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CO2 Cylinders

The Dangers of Overfilling CO2 Cylinders Overfilling a CO2 cylinder, accidentally or purposefully (ex: trying to get longer service out of one charge of a cylinder), can have unexpected and catastrophic consequences due to the characteristics of CO2 charge.

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Overfilling a CO2 cylinder, accidentally or purposefully (ex: trying to get longer service out of one charge of a cylinder), can have unexpected and catastrophic consequences due to the characteristics of CO2 charge.

It has been heard many times that “it is not fair that a CO2 cylinder is deemed full at only 68% of its water capacity”. It appears to many that 32% of the water capacity is not being used, being wasted, and that space could be used to extend the service of the cylinder charge. This is not the case. The 32% is not spare space or wasted capacity. Let us describe 3 situations that identify why this 32% water space is necessary, and why it is not considered wasted or space capacity. 1. A 20# CO2 cylinder with a full charge (68% of its water capacity) When a fully charged, 68% full by water capacity, 20# CO2 cylinder warms to room temperature (70° F), the pressure inside the cylinder is around 837 PSI. When the cylinder reached 87.9° F, the entire charge becomes a gas, no matter the pressure. A fully charged CO2 cylinder at this temperature will have an internal pressure of approximately 1100 PSI. Now, lets raise the temperature to 120° F. A fully charged CO2 cylinder in this temperature will have an internal pressure of 2000 PSI. This pressure is greater than the designed service pressure of 1800 PSI of the cylinder. Remember, this cylinder has been properly filled (not overfilled) and at 120° F has an internal pressure greater than the marked service pressure of the cylinder. A temperature of 120° F is not an excessive temperature and can easily be reached in many different environments (ex: a shed or vehicle on a hot day, or even a kitchen).


2. A 20# CO2 cylinder with a 5# overfill, putting it at 85% of its water capacity The following would occur if a 20# CO2 cylinder we slightly overfilled with 25# of CO2 charge to increase the service time between fills. When this cylinder reaches room temperature at 70° F, its internal pressure would be at 1430 PSI. If this cylinder reached 103° F, venting would occur through the safety device on the valve. This possibly unexpected venting could and has caused personal injury and property damage.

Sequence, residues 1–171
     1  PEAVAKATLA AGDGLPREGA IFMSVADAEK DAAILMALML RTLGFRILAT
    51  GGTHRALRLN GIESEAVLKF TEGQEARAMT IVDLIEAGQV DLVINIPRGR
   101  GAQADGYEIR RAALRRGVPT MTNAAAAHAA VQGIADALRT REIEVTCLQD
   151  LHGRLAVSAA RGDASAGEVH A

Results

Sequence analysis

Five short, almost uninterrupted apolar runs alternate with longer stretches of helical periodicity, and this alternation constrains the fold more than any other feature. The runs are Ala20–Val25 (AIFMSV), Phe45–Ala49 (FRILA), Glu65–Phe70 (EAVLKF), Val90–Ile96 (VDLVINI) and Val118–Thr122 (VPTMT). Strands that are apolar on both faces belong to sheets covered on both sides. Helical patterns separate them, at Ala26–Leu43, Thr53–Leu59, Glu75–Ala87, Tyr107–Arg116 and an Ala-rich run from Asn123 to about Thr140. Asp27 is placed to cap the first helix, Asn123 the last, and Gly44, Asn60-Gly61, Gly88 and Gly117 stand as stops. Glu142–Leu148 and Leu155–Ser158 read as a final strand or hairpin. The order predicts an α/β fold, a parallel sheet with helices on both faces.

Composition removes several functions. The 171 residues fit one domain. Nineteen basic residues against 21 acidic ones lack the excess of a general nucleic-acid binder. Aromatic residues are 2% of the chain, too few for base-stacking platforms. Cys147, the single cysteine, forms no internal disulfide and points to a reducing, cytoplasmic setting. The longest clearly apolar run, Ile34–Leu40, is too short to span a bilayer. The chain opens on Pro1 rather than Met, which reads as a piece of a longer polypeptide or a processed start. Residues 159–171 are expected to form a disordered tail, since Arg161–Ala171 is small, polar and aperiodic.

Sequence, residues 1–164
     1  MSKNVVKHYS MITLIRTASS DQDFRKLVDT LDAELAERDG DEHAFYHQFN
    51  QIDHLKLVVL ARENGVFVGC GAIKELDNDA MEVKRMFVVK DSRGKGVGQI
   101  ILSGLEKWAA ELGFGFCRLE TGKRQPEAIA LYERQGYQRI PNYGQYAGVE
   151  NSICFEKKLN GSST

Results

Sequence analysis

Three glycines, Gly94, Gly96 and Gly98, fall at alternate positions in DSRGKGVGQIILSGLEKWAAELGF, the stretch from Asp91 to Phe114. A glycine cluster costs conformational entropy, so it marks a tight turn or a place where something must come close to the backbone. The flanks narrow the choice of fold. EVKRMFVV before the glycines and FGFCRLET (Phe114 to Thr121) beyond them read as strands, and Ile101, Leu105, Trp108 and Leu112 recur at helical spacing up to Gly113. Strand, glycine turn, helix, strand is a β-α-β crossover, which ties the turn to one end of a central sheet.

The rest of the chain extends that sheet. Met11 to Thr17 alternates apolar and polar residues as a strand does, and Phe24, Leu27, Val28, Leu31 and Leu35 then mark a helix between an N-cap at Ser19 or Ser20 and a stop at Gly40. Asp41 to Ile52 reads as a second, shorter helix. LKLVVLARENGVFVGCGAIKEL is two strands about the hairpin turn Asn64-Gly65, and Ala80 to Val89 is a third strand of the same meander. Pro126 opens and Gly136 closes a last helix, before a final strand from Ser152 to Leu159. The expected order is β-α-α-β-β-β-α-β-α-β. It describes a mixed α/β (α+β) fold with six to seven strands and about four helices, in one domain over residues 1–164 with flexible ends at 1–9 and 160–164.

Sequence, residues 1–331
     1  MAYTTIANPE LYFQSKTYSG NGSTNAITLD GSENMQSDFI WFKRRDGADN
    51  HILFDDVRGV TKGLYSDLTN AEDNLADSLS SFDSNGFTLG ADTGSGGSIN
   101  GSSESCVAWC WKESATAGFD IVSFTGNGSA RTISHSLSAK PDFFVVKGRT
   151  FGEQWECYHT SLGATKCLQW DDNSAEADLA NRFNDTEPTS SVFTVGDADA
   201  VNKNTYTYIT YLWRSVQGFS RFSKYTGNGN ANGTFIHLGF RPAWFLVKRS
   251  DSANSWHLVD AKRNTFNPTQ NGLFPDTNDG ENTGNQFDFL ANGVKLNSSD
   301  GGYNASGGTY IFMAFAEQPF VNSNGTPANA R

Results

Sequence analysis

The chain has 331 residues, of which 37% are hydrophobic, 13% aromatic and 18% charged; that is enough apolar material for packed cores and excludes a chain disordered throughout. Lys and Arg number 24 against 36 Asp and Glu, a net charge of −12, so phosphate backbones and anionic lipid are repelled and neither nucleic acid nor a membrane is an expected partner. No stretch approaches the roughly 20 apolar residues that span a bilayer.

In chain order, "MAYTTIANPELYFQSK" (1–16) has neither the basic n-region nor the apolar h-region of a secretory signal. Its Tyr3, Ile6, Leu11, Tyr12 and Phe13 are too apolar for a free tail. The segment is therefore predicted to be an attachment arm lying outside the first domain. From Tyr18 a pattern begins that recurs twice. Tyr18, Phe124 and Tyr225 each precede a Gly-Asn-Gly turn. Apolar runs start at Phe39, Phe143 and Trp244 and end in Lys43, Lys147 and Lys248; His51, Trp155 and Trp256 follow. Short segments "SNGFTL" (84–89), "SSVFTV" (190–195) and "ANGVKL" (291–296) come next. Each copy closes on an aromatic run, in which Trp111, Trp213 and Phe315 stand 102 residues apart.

3. A 20# CO2 cylinder greatly overfilled at 95% of its water capacity. A 20# CO2 cylinder filled to 95% of its water capacity, not quite liquid full, would vent through its safety device on the valve before reaching a room temperature of 70° F. If for some reason the safety had been altered or reinforced and did not properly vent, the cylinder could explode between 85° F and 95° F. Rupturing or exploding cylinders can and have cause severe property damage and serious, life threatening, personal injury.

Accidental overfilling will have the same results as purposefully overfilling a CO2 cylinder, no matter the size of the cylinder, whether large or small.

Never overfill a CO2 cylinder. The effects of overfilling a cylinder coupled with the effects of increasing room temperature on the CO2 charge, will greatly increase the probability that severe property damage or personal injury could occur. Do not take the risk by overfilling a cylinder. For more information regarding technical support documents on cylinders, please visit www.cganet.com.

For more information regarding CO2 cylinder, visit www.evergreenmidwest.com or call us toll-free at 800-659-3358.


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CO2 Cylinders - The Dangers of Overfilling CO2 Cylinders  

Overfilling a CO2 cylinder, accidentally or purposefully (ex: trying to get longer service out of one charge of a cylinder), can have unexpe...

CO2 Cylinders - The Dangers of Overfilling CO2 Cylinders  

Overfilling a CO2 cylinder, accidentally or purposefully (ex: trying to get longer service out of one charge of a cylinder), can have unexpe...

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